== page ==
The Scouting Post is back to continue the ongoing deep-dive on Boston Bruins prospects coming up through the system as we enter the final days of the 2015-16 hockey season across the various professional and amateur leagues.
Today’s edition features a trio of collegians and one rookie pro. Enjoy. Will keep steadily cranking these out while balancing the NHL/Boston schedule and work requirements. I appreciate the support and feedback as always.
Ryan Fitzgerald, C/LW
The Boston College junior is a versatile, energetic and productive forward who has taken a step ahead in his third NCAA season after being a fourth-round selection of the B’s in 2013.
The son of New Jersey Devils assistant GM and former NHL forward and 1986 first-round pick (NY Islanders) Tom Fitzgerald (his uncle, Scott Fitzgerald, is the B’s assistant director of amateur scouting)is an extremely bright two-way player who has the hockey intellect and will to compete to make his impact felt as an effective 200-foot player. Along with younger brother (and freshman defender) Casey, Fitzgerald is leading the Eagles to greater heights this season after a step backwards in 2014-15. A Beanpot Trophy was only beginning, as BC looks to take the positive momentum forward in the quest for Hockey East supremacy and an extended run in the NCAA tournament that will culminate in Tampa at the 2016 Frozen Four next month.
Although undersized, Fitzgerald is strong and feisty- he doesn’t shy away from traffic or taking the physical punishment often doled out along the walls. He will initiate contact and take a hit to make a play, but will also draw and take penalties with his edgy play. He doesn’t have the high-end straight line speed ideal for one of his 5-foot-10, 180+-pound frame, which is said to be one of the reasons his draft day stock dropped him down to pick 120. He is slippery and elusive, which allows him to shake defenders inside the blue line and slide through seams in the offensive zone. The good news is that even without the ideal size and speed, Fitzgerald has been able to make an impact all three seasons up on the Heights because he’s so smart and has silky hands with a lightning release and a nose for the net.
Fitzgerald plays with a lot of passion and energy; you notice him when he’s on the ice and he has a bit of an agitator streak in that he can get opponents off their game with his relentless energy and ability to forecheck and disrupt opposition attempts to generate a transition game with speed. With an active stick and ability to fill skating and passing lanes, Fitzgerald often creates his own chances through hustle and hard work.
Current assessment: In the midst of his best single season, Fitzgerald recently netted his 50th career goal at BC and is doing all the things the B’s want to see from him. As good as his numbers look right now (20 goals, 40 points in 33 games), the real questions about whether he can parlay his smarts and energy into a solid bottom-six NHL role one day won’t be answered until he turns pro. Whether the B’s look to sign him this year or let him return for his senior year is not known at present, but current projects are for him to go back for a fourth season and complete his senior season at BC. In the meantime, he’s gaining valuable experience and confidence by being able to contribute more consistently to the Eagles’ attack and he’s clearly growing under the tutelage of Coach Jerry York and the staff there.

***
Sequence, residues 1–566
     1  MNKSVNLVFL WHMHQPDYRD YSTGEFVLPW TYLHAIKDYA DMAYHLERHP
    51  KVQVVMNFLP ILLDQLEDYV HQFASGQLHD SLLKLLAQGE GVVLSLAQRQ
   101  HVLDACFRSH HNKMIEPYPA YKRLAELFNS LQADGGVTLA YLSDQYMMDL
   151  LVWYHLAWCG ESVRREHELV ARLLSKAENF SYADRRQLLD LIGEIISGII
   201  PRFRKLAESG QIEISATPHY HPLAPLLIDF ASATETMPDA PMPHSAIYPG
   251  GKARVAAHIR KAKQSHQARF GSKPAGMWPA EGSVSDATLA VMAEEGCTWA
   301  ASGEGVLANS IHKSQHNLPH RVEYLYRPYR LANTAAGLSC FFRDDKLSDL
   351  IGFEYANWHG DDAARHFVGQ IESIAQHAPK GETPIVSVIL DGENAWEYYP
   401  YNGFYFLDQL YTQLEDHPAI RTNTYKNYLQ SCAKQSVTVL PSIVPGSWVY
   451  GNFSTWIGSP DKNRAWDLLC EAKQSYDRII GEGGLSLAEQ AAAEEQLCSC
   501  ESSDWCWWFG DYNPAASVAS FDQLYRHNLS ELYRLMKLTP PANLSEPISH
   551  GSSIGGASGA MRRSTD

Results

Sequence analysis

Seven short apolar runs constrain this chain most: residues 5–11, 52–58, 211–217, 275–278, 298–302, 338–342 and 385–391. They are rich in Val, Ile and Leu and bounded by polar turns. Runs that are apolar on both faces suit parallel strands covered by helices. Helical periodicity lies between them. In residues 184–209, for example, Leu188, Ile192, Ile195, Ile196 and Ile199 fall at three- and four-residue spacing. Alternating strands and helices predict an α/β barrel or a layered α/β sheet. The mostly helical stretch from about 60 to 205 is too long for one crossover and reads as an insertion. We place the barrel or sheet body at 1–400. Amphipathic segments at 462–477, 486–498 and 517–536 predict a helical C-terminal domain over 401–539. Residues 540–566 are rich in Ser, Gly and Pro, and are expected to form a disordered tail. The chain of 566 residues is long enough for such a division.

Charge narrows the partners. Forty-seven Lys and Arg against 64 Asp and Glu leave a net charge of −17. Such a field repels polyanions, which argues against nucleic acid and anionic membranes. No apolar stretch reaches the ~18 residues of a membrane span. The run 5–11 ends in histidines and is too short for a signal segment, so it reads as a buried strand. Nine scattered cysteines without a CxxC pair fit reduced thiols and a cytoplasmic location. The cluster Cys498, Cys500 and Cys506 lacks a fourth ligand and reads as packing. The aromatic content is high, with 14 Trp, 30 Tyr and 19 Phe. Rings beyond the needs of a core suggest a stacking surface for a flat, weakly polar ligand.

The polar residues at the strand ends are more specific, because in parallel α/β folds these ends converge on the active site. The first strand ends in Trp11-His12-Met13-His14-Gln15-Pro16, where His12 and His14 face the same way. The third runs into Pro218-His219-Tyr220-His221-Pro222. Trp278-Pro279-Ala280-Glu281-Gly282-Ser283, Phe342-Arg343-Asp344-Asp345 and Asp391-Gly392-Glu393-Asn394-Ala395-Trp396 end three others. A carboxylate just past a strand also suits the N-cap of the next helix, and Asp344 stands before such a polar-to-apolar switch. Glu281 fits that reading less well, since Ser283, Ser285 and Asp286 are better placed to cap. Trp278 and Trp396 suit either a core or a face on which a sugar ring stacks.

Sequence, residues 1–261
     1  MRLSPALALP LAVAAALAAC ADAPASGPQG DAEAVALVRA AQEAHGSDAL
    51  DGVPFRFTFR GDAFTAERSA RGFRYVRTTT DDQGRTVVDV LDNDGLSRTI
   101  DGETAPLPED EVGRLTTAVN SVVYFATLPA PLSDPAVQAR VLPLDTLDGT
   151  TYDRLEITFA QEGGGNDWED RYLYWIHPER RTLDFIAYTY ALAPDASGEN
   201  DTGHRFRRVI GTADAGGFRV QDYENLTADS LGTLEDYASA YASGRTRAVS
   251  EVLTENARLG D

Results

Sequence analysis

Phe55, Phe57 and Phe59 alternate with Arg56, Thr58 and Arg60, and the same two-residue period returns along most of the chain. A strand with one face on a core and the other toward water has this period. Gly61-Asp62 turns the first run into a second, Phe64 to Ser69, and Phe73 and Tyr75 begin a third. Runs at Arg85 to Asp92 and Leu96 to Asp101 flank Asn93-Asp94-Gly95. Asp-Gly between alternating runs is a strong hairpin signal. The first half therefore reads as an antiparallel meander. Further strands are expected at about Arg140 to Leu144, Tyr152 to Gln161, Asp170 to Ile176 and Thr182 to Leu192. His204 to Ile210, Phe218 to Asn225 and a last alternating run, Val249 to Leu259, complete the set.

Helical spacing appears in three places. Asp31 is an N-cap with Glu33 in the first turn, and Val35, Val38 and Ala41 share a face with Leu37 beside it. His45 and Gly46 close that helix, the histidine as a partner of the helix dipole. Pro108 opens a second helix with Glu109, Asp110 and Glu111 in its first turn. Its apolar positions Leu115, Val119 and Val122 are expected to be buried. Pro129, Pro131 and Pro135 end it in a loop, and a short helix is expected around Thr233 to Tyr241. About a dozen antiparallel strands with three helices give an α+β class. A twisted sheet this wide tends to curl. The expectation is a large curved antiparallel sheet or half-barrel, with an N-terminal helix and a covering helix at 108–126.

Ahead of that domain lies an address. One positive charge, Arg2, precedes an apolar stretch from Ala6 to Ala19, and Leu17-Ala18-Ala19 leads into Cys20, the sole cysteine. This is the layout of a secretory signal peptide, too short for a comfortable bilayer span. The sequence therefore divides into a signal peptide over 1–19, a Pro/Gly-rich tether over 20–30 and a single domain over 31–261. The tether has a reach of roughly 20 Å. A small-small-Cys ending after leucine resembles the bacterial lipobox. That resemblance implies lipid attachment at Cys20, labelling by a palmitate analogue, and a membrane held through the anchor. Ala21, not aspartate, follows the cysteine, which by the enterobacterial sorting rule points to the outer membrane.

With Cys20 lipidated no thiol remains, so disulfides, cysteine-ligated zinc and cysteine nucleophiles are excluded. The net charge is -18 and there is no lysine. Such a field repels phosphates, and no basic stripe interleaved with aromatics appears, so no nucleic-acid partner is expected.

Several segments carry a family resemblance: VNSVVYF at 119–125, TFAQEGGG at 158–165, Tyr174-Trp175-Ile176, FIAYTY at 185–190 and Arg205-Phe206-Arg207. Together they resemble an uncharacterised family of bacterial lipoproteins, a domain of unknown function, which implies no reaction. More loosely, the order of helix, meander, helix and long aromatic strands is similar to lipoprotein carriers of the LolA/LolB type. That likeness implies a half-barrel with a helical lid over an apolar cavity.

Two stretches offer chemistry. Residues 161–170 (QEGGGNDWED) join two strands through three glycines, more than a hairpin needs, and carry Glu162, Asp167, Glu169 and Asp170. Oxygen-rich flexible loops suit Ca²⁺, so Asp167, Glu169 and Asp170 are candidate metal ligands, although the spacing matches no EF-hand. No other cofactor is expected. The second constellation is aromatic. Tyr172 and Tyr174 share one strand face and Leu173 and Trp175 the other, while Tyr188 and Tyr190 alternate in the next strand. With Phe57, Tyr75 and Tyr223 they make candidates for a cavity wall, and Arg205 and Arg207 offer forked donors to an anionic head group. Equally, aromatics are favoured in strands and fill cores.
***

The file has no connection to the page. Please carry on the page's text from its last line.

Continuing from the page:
Ryan Donato, C
Freshman pivot and 2014 second-rounder out of Dexter School in Brookline is having a rock solid first NCAA campaign at Harvard playing for his dad.
A brilliant prep player in four seasons from Scituate, Donato was often on a whole different level from his peers, lighting it up in his junior year (37 goals, 78 points in 30 games) en route to being a top-60 selection of his hometown NHL team. He produced nearly a two point-per-game pace over his entire time at Dexter, scoring 99 goals and 129 assists for 228 career points in 115 prep games playing for his uncle, Dan Donato. He finished the 2014-15 season with a flourish, skating with the USHL’s Omaha Lancers and scored five goals and 10 points in eight contests.
At 6-foot-1, Donato is taller than Ted, and he says he gets his height from the other side of his family, which produced an NFL linebacker uncle, West Point wrestling captain cousin and of course his mom, Jeannine- a standout soccer player as an undergraduate student at Villanova. The younger Donato doesn’t move on the ice with the pure speed his father had as a player, but he’s not a poor skater, either. He’s improved his first couple of steps and uses his tremendous hockey sense to read and anticipate, often getting the jump on defenders to loose pucks in the open ice. Donato has a powerful stride and can bull his way to the net when he needs to. As he gets stronger and grows into his frame, he’ll be that much tougher to contain.
When it comes to pure offensive skill, passion for hockey and natural leadership- they don’t come in much more of a complete package than Ryan Donato. He grew up around the NHL and the Bruins and what has always impressed me the most about him is how when he was at Dexter, opponents would go hard after him every night, knowing that the best path to success was through shutting that team’s star center down. The flaw in that plan was relatively simple- Donato was too good a player to be contained and often burned them anyway. He did it most nights drawing double coverage and taking a lot of slashes, hooks and obstruction fouls, but he rarely lost his temper and put his team at a disadvantage by retaliating.
He took a major step forward in silencing any doubters this past winter, when he was named to the Team USA World Jr. (Under-20) Championship squad, beating out several other higher-profile (and earlier) draft choices because of the versatility he provided. Donato did not look a bit out of place and used the honor in representing his country in Helsinki (and earning a bronze medal in the process) to validate his place as a top NHL prospect, albeit one that is still pretty early in his growth.